The House by the Church-Yard, by J. Sheridan Le Fanu

Chapter 27

Concerning the Troubles and the Shapes that Began to Gather About Doctor Sturk.

It was just about that time that our friend, Dr. Sturk, had two or three odd dreams that secretly acted disagreeably upon his spirits. His liver he thought was a little wrong, and there was certainly a little light gout sporting about him. His favourite ‘pupton,’ at mess, disagreed with him; so did his claret, and hot suppers as often as he tried them, and that was, more or less, nearly every night in the week. So he was, perhaps, right, in ascribing these his visions to the humours, the spleen, the liver, and the juices. Still they sat uncomfortably upon his memory, and helped his spirits down, and made him silent and testy, and more than usually formidable to poor, little, quiet, hard-worked Mrs. Sturk.

Dreams! What talk can be idler? And yet haven’t we seen grave people and gay listening very contentedly at times to that wild and awful sort of frivolity; and I think there is in most men’s minds, sages or zanies, a secret misgiving that dreams may have an office and a meaning, and are perhaps more than a fortuitous concourse of symbols, in fact, the language which good or evil spirits whisper over the sleeping brain.

There was an ugly and ominous consistency in these dreams which might have made a less dyspeptic man a little nervous. Tom Dunstan, a sergeant whom Sturk had prosecuted and degraded before a court-martial, who owed the doctor no good-will, and was dead and buried in the church-yard close by, six years ago, and whom Sturk had never thought about in the interval — made a kind of resurrection now, and was with him every night, figuring in these dreary visions and somehow in league with a sort of conspirator-inchief, who never showed distinctly, but talked in scoffing menaces from outside the door, or clutched him by the throat from behind his chair, and yelled some hideous secret into his ear, which his scared and scattered wits, when he started into consciousness, could never collect again. And this fellow, with whose sneering cavernous talk — with whose very knock at the door or thump at the partition-wall he was as familiar as with his own wife’s voice, and the touch of whose cold convulsive hand he had felt so often on his cheek or throat, and the very suspicion of whose approach made him faint with horror, his dreams would not present to his sight. There was always something interposed, or he stole behind him, or just as he was entering and the door swinging open, Sturk would awake — and he never saw him, at least in a human shape.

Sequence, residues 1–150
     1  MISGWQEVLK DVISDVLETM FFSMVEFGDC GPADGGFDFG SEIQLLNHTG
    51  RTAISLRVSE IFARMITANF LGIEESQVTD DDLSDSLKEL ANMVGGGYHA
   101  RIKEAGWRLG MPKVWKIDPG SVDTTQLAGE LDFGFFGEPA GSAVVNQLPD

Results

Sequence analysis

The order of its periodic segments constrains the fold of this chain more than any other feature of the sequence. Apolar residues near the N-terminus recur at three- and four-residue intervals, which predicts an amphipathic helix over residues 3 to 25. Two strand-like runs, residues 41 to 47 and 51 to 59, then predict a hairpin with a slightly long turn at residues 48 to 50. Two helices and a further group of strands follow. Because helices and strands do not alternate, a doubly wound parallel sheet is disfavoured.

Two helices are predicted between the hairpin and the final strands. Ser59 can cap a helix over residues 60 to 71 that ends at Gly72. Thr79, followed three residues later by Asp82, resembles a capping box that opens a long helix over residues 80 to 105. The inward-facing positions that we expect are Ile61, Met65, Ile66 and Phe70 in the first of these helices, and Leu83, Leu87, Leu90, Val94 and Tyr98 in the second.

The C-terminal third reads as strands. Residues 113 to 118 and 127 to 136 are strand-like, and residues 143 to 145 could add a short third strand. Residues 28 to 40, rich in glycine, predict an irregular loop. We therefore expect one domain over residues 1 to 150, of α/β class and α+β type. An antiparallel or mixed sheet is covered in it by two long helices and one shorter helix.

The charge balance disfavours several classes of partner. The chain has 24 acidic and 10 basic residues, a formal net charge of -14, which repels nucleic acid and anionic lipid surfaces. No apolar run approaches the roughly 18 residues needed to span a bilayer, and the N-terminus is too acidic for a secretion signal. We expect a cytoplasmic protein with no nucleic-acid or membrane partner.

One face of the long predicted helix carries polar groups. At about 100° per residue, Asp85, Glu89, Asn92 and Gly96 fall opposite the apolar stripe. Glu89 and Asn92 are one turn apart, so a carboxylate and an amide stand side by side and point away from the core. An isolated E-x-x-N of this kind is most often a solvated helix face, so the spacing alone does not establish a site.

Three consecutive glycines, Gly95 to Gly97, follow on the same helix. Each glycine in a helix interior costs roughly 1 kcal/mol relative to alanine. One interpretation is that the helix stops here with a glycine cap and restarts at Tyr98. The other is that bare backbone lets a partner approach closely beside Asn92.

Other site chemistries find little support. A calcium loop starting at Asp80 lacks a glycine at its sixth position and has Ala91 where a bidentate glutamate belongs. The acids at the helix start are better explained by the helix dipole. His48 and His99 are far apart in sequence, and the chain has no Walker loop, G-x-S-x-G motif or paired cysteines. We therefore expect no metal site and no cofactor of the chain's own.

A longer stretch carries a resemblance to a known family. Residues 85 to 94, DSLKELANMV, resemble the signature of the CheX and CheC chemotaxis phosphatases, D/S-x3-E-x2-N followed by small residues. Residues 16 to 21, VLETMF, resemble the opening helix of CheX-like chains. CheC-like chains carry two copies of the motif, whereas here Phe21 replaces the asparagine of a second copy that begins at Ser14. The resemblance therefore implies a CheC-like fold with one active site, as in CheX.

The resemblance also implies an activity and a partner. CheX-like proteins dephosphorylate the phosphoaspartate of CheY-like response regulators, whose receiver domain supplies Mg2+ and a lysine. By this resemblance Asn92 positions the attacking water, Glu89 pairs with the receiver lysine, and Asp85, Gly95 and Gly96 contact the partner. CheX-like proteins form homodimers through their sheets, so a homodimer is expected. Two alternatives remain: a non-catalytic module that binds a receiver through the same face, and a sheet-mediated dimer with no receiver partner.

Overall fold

But one night he thought he saw, as it were, his sign or symbol. As Sturk lay his length under the bed-clothes, with his back turned upon his slumbering helpmate, he was, in the spirit, sitting perpendicularly in his great balloon-backed chair at his writing-table, in the window of the back one-pair-of-stairs chamber which he called his library, where he sometimes wrote prescriptions, and pondering over his pennyweights, his Roman numerals, his guttæ and pillulæ, his 3s, his 5s, his 9s, and the other arabesque and astrological symbols of his mystery, he looked over his pen into the church-yard, which inspiring prospect he thence commanded.